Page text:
As a manager, you may have mastered the scrum…but now you have a bigger project, and one team won’t be enough. When you’re trying to decide on the best technologies for your situation, here’s the first thing you need to do: Stop thinking about the technology.
Instead, ask yourself, what is your definition of scaling up? More importantly, what problem are you trying to solve? Rather than focusing on the specifics of software or tools, keep your focus on the results.
Scrum of Scrums (SoS), Large-scale Scrum (LeSS), and Scaled Agile Framework (SAFe) are three of the better-known approaches. Let’s see which methodology is best for you.
Scrum of Scrums is a technique that can help you scale Scrum up to large groups of up to a dozen people. Rather than increasing the size of each team, a Scrum of Scrums consists of a team member from each scrum who regularly attends the Scrum of Scrums to coordinate work. Through these “ambassadors," Scrum of Scrums can help plan for dependencies, solve communication problems that distributed teams face, clarify commitments to other team members, and identify and address other pain points.
The beauty of using Scrum of Scrums is that you don’t need any tools beyond the ones your Scrum team is already using. Ambassadors report their completions and next steps, as well as any barriers in their scheduled Scrum of Scrums meetings. Scrum of Scrums should not be handled like a status meeting reporting to a manager but instead a meeting of technical ambassadors reporting to each other…which is to say, solutions might require more negotiation.
A Scrum of Scrums might not be needed every day; two to three meetings per week is usually sufficient. Scrum of Scrum of Scrums (yes, I meant to write that) might be only once a week. It is best to start with frequent meetings and then later reduce the amount.
No time for a Scrum of Scrums? You can still synthesize cooperation between teams: Each team can monitor and prioritize which teams they need to synchronize with at any given point in time, then go and listen to the daily Scrums of those teams. This, of course, requires that teams agree on the schedules of the daily scrums so that this is possible. Still another option is to have a “town-hall”; an open meeting where all interested can share information.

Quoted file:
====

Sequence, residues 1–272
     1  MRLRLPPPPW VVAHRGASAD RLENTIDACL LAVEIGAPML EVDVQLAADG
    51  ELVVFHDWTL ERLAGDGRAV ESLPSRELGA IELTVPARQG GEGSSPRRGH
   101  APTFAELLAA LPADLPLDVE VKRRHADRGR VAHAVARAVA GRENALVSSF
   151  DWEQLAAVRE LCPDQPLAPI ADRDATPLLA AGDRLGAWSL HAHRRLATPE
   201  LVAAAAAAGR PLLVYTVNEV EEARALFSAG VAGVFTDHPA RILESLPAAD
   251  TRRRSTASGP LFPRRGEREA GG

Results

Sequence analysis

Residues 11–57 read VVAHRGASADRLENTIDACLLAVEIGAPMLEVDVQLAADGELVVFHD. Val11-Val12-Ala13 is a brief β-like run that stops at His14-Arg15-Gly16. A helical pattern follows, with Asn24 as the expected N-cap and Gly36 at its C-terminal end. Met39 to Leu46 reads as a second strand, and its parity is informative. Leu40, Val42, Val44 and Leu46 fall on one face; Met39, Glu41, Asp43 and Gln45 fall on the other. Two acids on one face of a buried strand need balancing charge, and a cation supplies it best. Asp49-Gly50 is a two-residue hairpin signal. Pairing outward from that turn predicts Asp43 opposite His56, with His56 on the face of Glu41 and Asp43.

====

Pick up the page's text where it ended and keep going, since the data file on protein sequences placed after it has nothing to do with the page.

LeSS, which is a framework for product development, is really two different Scrum frameworks, each focused on the whole and not the part. Global and “end-to-end” focus are perhaps the dominant problems to solve in scaling. These two approaches – which are basically single-team Scrum scaled up – are LeSS (up to eight teams of eight people each) and LeSS Huge (up to a few thousand people on one product, with more scaling elements introduced).
LeSS uses many of the same tools as a single team Scrum with some important differences: Although each team still holds its own daily Scrum, representatives may hold or attend town hall meetings or Scrum of Scrums to increase coordination.
In addition, there is only one sprint (that is, development push) and one product backlog (because it’s for a product, not a team). This means there is one definition of done for the product. This one definition clarifies what your stakeholders are trying to accomplish. Note that this definition is the same across all teams.
And with that, there is one overall product owner, rather than one per team. How can the product owner attend every meeting and keep up with every aspect of development? She can’t. But she can create product strategy and prioritization.
The Scaled Agile Framework®, or SAFe®, provides a recipe for adopting Agile at enterprise scale in a more structured way than Scrums of Scrums. SAFe has three levels: team, program, and portfolio. Individual teams work on Scrums with all of the tools needed to deliver product. A team in the SAFe approach is a self-contained group of eight to ten people that can deliver on its own, from requirements gathering and management to deployment and testing of software. Several such teams create a “release train”—a virtual organization that build and test iteratively— with new program level roles.
Higher up still is the the portfolio level, there is more attention to governance and finance; epics, strategy, and value streams are developed at this level.
Because delivery is tiered, this approach may appeal to larger organizations. However, even though this approach to scaling is established in the field, it’s not without its critics: Some argue that it focuses on iterating features and not iterating the whole product – which goes against the whole Agile approach.
How to begin
So how do you use these approaches, and which one do you pick? Your key focus should be “just enough process.” Otherwise, you undermine the whole point of being Agile.
Take a look at your organization and the project you're trying to deliver. Step back from tools and techniques and think instead about the core principles of scaling up: increasing collaboration within and among teams.
And remember, as you scale up, make sure the tools you use meet not only the Agile team’s needs but also the project leaders and top management’s needs for reporting, transparency, and accountability.
Looking for better reporting and transparency across your teams? Check out this OnDemand recording with Leadership Expert, Gordon Tredgold, "Creating a GPS for Your Projects. From Project Request to Success."